The fact that you think they could only be a weatherman again explains people that don't know the difference between weather and climate.

I guess most professions have reached a dead end now, according to you..... I don't know why people even get out of bed anymore, let alone study for professions that are now moot......

Bill Maher had a great statement in his Face the Press interview -

"People never used to argue that much about science,” Maher said. “We might argue about how we take these facts and more forward in a different direction, but we don’t argue about the facts themselves. That’s not true anymore.”

“Facts themselves. Come on, Harry, how much do we really know about facts?”

 

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Peach Extraordinaire



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  posted on 3/18/2014 at 10:55 AM
The scientific method is responsible for every advancement in science, technology and medicine that has occurred in the last 400 years. Some people just don't get it. Some people just don't care to get it. Nothing you can do to help them.
 

Maximum Peach



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  posted on 3/18/2014 at 04:36 PM
Seems like those who use references to the scientific method in their attempts to negatively characterize others would at least understand how it works. Apparently not.

There is a wide difference between science fact and science theory. Science fact is a result that can be reproduced and/or observed by numerous people and in numerous locations following specified guidelines. That H2O can be split into it's component elements via electrolysis is an example of a science fact.

Science theory is an idea, estimate, or prediction that has not yet been proven and/or reproduced enough times to become a science fact. Einstein's theories about gravity warping spacetime were theories for many years until observers could produce proof in the form of negatives taken during eclipses that showed light being bent around a large gravitational object. Likewise, room-temperature or cold fusion remains a theory, as some have claimed to achieve it, but insufficient numbers have been able to reproduce the claimed result.

Global warming (let's dispense with the politically motivated 'climate change' moniker for now) is science theory in it's present state, nothing more. It contains factual data, but processes that through complicated mathematical models filled with modifiers in order to calculate an estimate of future conditions. Those modification factors are estimates of what researchers guess the conditions should or might be. Slight changes in them can produce widely varying results.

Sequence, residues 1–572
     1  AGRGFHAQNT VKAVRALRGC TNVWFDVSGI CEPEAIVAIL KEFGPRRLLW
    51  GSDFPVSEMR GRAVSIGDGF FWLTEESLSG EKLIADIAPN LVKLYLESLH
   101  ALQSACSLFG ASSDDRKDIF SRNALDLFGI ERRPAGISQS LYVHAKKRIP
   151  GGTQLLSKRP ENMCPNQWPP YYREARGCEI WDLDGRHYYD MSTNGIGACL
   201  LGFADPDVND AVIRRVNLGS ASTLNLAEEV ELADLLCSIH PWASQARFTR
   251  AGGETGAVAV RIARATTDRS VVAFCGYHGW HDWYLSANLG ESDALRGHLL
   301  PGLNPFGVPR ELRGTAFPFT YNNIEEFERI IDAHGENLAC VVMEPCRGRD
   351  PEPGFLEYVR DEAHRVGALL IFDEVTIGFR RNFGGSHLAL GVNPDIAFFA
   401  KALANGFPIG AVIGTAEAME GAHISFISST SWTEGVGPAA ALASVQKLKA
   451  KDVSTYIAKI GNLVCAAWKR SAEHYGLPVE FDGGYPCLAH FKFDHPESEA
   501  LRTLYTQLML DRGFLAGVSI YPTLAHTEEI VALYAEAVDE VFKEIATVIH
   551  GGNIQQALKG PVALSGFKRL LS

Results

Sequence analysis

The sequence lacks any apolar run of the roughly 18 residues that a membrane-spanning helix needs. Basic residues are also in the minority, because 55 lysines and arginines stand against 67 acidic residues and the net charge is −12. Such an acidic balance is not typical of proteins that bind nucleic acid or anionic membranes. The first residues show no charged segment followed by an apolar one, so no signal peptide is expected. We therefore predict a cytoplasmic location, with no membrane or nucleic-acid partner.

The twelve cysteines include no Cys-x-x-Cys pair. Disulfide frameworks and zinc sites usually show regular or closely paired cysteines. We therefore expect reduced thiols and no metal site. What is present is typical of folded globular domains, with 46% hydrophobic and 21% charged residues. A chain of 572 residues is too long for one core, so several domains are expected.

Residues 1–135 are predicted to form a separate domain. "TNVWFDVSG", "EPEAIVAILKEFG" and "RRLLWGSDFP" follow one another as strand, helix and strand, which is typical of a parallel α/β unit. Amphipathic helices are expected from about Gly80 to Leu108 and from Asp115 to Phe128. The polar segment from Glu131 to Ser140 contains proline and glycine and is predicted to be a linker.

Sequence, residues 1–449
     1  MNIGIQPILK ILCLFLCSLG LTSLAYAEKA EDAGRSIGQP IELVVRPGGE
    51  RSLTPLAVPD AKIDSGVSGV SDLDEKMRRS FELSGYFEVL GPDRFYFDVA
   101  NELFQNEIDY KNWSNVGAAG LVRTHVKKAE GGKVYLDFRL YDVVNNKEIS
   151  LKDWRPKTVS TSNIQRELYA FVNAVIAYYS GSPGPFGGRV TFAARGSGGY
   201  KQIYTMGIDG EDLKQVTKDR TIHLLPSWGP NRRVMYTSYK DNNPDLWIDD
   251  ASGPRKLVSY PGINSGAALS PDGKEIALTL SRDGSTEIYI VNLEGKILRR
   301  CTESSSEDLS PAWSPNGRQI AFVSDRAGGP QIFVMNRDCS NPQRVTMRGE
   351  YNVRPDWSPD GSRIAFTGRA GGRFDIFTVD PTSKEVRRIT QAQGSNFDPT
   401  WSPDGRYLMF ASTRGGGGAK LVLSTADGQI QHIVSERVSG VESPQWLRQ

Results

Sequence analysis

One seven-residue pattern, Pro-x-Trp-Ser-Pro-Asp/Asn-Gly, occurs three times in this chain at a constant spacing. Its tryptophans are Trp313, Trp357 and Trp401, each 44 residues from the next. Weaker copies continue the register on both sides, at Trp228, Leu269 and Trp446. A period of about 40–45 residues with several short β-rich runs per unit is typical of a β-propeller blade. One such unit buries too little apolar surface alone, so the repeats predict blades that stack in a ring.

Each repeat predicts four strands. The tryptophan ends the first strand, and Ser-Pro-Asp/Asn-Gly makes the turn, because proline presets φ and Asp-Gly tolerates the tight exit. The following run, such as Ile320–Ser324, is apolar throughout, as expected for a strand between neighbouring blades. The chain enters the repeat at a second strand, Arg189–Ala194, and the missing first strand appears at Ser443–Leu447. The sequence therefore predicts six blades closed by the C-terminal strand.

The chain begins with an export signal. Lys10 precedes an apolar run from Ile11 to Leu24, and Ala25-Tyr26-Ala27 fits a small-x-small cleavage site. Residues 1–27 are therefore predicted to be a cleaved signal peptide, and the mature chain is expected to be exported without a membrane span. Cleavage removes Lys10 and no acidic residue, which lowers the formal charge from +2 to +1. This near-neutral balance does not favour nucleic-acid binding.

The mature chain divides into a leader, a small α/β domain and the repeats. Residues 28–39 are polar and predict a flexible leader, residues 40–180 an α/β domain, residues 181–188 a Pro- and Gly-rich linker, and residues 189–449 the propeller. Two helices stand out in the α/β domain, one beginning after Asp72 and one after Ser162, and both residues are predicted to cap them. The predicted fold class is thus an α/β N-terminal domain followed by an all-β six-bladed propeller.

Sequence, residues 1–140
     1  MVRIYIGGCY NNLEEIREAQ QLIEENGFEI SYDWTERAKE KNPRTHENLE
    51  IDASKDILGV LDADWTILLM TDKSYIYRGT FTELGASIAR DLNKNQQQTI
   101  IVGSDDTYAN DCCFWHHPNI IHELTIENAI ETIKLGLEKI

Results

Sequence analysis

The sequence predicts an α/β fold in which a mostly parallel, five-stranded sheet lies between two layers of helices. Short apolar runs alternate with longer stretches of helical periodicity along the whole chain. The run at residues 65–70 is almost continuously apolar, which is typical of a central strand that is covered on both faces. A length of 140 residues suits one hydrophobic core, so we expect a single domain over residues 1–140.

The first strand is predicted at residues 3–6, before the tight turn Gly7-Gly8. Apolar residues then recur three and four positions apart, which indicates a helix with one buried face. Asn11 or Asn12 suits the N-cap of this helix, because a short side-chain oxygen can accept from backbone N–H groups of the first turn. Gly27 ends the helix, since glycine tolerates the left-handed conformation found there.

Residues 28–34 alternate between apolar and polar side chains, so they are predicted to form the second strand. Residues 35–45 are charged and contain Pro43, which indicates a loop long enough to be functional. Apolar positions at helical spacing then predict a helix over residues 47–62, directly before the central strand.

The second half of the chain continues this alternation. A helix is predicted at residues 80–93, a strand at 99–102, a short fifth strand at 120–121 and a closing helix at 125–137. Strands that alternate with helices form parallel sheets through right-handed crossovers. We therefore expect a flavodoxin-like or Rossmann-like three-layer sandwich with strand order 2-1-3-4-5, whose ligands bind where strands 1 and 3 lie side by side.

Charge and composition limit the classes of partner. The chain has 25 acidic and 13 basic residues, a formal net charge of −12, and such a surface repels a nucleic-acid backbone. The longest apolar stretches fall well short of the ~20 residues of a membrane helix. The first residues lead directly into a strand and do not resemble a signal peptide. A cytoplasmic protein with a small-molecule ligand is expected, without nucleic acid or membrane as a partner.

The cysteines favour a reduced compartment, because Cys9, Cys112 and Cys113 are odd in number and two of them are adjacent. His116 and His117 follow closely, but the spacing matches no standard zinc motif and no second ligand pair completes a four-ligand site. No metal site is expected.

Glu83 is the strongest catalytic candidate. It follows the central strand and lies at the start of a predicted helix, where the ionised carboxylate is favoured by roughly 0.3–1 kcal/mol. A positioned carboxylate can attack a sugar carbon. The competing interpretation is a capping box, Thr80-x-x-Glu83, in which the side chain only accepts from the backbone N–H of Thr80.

30-40 years ago, scientists were predicting another ice age. This winter notwithstanding, we're still waiting. Until we get to a similar point in the future and look back, we're not going to know if the current batch of estimates is any better than the last. None of this is science fact yet by any definition used by proper scientists adhering to the scientific method. Those claiming otherwise may have other motivations worth considering.

 

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True Peach



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  posted on 3/18/2014 at 04:56 PM
quote:
The fact that you think they could only be a weatherman again explains people that don't know the difference between weather and climate.

Winner, winner, chicken dinner!

[Edited on 3/18/2014 by gondicar]

 

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Zen Peach



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  posted on 3/18/2014 at 04:58 PM
quote:
30-40 years ago, scientists were predicting another ice age. This winter notwithstanding, we're still waiting.


How does a harsh winter in central North America account for what goes on all over the globe?

Using the phrase "global warming," and all...

Algore.

 

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Ultimate Peach



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  posted on 3/18/2014 at 05:46 PM
My problem with whole debate is that anyone that holds contrarian views to global warming is then subjected to the most vicious ad hominem attacks. One of the most recent vituperative railings that I have heard was the 'Holocaust Denier' analogy. This argumentum ad hominem in the form of tu quoque is absurd and poisons all concerned. The truth has no fear of investigation!

[Edited on 3/18/2014 by ScottyVII]

 

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Maximum Peach



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  posted on 3/18/2014 at 05:51 PM
quote:
quote:
30-40 years ago, scientists were predicting another ice age. This winter notwithstanding, we're still waiting.